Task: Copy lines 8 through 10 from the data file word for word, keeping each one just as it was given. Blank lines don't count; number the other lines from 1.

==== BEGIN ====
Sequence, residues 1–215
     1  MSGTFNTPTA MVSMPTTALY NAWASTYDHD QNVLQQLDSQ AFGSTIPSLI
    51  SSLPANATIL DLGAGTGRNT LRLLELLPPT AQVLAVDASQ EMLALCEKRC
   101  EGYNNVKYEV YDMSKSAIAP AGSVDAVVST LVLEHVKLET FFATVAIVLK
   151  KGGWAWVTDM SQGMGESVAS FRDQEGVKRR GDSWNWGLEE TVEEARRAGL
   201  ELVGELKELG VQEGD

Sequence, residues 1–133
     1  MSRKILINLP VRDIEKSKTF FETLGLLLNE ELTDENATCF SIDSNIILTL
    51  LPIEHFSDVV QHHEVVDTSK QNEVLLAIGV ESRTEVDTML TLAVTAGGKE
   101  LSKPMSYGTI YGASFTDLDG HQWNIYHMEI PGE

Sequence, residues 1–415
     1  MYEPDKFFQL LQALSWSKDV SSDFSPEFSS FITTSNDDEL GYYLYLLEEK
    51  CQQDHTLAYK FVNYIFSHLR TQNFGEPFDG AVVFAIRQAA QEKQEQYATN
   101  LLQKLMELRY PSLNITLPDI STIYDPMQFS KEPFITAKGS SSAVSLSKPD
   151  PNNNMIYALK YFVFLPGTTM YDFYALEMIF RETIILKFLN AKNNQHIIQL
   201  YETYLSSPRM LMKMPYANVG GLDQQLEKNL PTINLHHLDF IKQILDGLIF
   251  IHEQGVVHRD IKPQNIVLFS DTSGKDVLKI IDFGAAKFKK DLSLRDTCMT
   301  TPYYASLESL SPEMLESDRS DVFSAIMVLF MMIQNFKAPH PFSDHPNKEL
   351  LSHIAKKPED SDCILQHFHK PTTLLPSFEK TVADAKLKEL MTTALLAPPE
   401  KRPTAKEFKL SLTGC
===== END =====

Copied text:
     1  MSRKILINLP VRDIEKSKTF FETLGLLLNE ELTDENATCF SIDSNIILTL
    51  LPIEHFSDVV QHHEVVDTSK QNEVLLAIGV ESRTEVDTML TLAVTAGGKE
   101  LSKPMSYGTI YGASFTDLDG HQWNIYHMEI PGE